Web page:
spaceSpace and Physics

NASA's Opportunity Rover Goes Silent As Massive Dust Storm On Mars Blocks Out The Sun


Jonathan O'Callaghan

Senior Staff Writer

Simulated views of the darkening sky seen by Opportunity. NASA/JPL-Caltech/TAMU

Yesterday we told you that NASA’s Opportunity rover was fighting for its life on Mars in one of the biggest dust storms ever seen. Now it looks like things have taken a turn for the worse.

In an update posted last night, NASA said they had failed to hear back from the rover after attempting to contact it. This meant that the rover must have switched to a “lower power fault mode”, as its batteries dipped below 24 volts.


In this mode, all of the rover’s subsystems, save for a mission clock, are switched off. That clock will repeatedly check if the rover has enough power from its solar panels to switch on and, if not, it’ll keep the rover asleep.

“Due to an extreme amount of dust over Perseverance Valley [where Opportunity is located], mission engineers believe it is unlikely the rover has enough sunlight to charge back up for at least the next several days,” NASA said in the update.

This dust storm, which was first spotted at the end of May by NASA’s Mars Reconnaissance Orbiter (MRO), has grown into an absolute monster. It has turned day into night for Opportunity, blotting out the Sun, with the rover slap bang in the middle of the storm.


On Friday, June 8, it was estimated to span about 18 million square kilometers (7 million square miles), but it’s now doubled in size to more than 41 million square kilometers (15.8 million square miles), engulfing a quarter of the planet. That’s bigger than North America and Russia combined.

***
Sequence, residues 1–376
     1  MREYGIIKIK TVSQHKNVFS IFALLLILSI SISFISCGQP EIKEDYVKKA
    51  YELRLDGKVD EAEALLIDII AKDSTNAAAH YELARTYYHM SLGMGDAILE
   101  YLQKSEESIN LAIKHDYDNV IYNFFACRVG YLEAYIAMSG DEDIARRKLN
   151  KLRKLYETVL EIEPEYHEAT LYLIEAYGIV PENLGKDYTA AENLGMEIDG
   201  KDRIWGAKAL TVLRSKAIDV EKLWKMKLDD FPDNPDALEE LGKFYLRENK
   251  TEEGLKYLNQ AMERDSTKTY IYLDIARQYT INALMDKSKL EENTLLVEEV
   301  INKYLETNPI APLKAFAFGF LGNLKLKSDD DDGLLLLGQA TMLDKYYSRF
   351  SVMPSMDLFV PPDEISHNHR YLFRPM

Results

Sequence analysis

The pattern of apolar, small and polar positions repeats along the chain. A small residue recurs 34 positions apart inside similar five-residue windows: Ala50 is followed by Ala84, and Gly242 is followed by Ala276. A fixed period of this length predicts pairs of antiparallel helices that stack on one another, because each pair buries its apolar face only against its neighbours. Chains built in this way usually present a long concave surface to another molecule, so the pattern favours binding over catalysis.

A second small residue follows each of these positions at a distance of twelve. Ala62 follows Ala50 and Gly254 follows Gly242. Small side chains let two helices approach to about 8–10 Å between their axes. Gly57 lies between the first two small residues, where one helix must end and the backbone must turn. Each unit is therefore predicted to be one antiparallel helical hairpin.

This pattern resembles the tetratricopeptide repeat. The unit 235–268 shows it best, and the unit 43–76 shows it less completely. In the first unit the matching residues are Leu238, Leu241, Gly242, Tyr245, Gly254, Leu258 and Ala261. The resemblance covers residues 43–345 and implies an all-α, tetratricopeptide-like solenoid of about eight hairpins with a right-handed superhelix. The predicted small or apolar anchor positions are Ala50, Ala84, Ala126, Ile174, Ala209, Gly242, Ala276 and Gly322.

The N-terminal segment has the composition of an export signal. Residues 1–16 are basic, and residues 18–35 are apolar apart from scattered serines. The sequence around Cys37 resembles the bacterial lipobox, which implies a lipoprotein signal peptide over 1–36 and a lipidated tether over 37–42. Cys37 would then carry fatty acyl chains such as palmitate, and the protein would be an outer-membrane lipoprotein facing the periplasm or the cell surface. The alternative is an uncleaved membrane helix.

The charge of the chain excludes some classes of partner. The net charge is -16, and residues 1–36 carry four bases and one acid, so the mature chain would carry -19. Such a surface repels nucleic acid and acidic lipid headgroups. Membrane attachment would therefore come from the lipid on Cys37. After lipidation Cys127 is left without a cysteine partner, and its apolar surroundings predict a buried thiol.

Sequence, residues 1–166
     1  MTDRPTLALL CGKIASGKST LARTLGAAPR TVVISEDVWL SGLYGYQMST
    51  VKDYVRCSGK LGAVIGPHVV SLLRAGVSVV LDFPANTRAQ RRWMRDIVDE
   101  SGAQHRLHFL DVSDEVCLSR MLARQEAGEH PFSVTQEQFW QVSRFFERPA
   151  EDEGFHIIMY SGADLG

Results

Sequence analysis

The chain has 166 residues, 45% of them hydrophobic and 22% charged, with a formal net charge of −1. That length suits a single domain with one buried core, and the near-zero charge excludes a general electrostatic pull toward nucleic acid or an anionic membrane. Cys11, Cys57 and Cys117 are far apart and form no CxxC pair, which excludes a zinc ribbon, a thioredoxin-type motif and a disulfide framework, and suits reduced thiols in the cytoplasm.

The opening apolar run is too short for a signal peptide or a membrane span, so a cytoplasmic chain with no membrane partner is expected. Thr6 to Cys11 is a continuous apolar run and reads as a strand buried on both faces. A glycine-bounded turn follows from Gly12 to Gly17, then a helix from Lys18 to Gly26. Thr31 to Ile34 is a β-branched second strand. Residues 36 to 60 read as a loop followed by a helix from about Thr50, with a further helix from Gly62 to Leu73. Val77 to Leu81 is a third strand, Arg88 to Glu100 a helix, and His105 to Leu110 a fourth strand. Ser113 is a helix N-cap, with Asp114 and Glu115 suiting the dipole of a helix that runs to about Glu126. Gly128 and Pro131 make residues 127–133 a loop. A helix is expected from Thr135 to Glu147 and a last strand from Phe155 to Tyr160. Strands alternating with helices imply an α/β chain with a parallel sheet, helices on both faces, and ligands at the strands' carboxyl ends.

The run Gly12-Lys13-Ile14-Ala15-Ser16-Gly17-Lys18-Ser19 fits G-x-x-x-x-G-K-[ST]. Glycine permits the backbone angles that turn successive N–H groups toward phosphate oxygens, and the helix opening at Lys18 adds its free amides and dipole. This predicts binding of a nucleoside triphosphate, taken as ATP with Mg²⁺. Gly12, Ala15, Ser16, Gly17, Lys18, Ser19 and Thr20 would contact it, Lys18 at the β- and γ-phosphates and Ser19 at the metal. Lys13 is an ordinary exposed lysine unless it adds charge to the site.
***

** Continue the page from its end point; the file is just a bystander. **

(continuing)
It’s so big that it’s not affecting just Opportunity. NASA also took some pictures showing the extent of the storm with its Curiosity rover, which is on the other side of the planet.


The event is pretty serious, with NASA saying they will hold a media teleconference later today to discuss the massive storm, and “what scientists can learn from the various missions studying this unprecedented event”.

Opportunity has survived on Mars for almost 15 years, far in excess of its original 90-day lifetime. But it now faces an intense fight to ensure the mission continues, and avoid the same fate that led to the demise of its twin rover Spirit.

When Spirit became stuck in loose soil, it was unable to tilt its solar panels to get enough power and survive the Martian winter. While Opportunity isn’t stuck, it still faces a testing time to retain enough power to switch back on, with no end to the storm in sight.


Good luck, Opportunity. We’re all rooting for you.


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